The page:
Sarah has riding horses that she shows in hunter shows but she wanted a mini. She and Cash, who will be 3 in June, completed Pet Partners training and the pair are now a certified therapy team. They were the first certified miniature horse therapy team in the Roanoke area and one of only eight teams certified in the state. Cash has his own van, the Cashmobile, that is used to transport him, along with Sarah, to their appointments, with Robin Shinault acting as chauffeur.
Cash and Sarah go to Berkshire Nursing Home and the pediatric unit at Carilion Roanoke Memorial Medical Hospital unit regularly to visit patients. The two also have visited Patrick Henry High School. When the visits are done, Cash is treated to a drive-through meal from McDonald’s: French fries and apple slices. He eats the Apple slices and kicks the salt from the French fries.
Cash and Sarah visit Carilion Memorial Hospital in Roanoke regularly.
Cash and Sarah visit Carilion Memorial Hospital in Roanoke regularly.
Recently, Cash and Sarah made a different kind of visit. On Tuesday, Feb. 21, the Virginia Horse Council sponsored a Youth Recognition Day at the General Assembly in Richmond. Young equestrians from all over the Commonwealth came to Richmond and were introduced from the gallery of the General Assembly by Rep. Terry Austin (R-19th District) and Emmett Hanger (R-24th) with thanks for their dedication.
About 500 people stopped by to meet the young people and the horses, including Gov. Terry McAuliffe. Sarah and Cash were there to greet the crowd and Cash shared a chat with the governor. Griffin SportHorses of Gretna, Virginia, also brought two of their superstars, a Friesian gelding and a Gypsy Vanner stallion, for the enjoyment of the legislators.
The award was presented at the Virginia Horse Council’s annual meeting and luncheon during the Virginia Horse Festival in Doswell, Va., on April 2.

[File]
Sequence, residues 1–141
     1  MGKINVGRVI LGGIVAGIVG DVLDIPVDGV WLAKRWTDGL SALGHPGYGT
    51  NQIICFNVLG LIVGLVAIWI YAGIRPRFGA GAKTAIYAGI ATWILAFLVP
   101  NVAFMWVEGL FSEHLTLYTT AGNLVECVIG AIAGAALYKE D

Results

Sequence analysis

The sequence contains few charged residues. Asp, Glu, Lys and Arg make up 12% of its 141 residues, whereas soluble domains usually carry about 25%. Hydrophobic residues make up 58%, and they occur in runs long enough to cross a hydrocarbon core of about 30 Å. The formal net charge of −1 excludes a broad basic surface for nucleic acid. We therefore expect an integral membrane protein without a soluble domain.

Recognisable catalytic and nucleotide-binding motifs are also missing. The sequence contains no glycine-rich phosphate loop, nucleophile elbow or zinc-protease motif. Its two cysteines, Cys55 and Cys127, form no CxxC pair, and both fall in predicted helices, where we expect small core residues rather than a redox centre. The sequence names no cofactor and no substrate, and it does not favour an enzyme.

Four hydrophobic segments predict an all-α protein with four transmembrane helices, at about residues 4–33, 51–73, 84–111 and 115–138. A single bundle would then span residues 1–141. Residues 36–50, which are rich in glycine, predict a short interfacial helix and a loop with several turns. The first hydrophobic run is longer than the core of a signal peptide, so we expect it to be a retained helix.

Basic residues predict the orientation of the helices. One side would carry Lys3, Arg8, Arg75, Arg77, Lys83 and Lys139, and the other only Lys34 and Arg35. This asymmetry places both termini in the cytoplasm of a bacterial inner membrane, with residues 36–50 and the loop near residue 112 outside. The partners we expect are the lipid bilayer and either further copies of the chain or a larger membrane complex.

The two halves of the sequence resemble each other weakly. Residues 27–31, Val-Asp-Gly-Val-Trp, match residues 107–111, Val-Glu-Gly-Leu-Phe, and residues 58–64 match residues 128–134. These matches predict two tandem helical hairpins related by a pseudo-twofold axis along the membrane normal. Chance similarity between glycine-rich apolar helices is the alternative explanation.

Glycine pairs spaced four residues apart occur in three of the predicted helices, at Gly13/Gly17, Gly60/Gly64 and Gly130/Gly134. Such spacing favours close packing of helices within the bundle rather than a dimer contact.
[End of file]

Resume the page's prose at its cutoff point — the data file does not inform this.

“The Virginia Horse Council received nominations throughout Virginia and FCEC is honored to have received this award,” said FCEC Founder and President Patricia Wray. “FCEC is proud to be a part of the Virginia Horse Industry and the Virginia Horse Council. Not only is it a great honor for our club and its members, but it’s a great honor for our county. Without the dedication of its members and the support of our local businesses and community, this would not have been possible.”
The club, which is open to all riders and disciplines, hosts many horse shows and activities throughout the year and has more than 100 members. On April 30, the club will holdits Spring Fling Horse Show (re-scheduled from April 9). Jeff Cox is the judge for the open show that includes classes for Hunter, Western, Games and Gaited horses. It will be held at the Ginther Farm (3128 Sontag Road, Rocky Mount) in Rocky Mount, Va., and begins at 9 a.m.
The club, which is going on its sixth year, also has scheduled in 2016 a Turn and Burn Series, a competitive trail ride at Fairy Stone Park in July, an annual open horse show in August and the Franklin County Fair Horse Show in September plus much more.They also sanction other shows such as the Cross View Show Series at Green Hill Park near Salem.
While for now the club uses Ginther Farm and other venues for its events, the club has been working to develop an arena in Franklin County. Earlier this year, the Franklin County Board of Supervisors voted to contribute up to $5,000 toward the club’s efforts to build a new arena on county-owned property along Sontag Road in Rocky Mount. That money is expected to pay for an application for a commercial driveway permit as required by the Virginia Department of Transportation and determining whether a turn lane should be installed based on traffic patterns in the area. The club said it will pay for the construction of the arena on the property.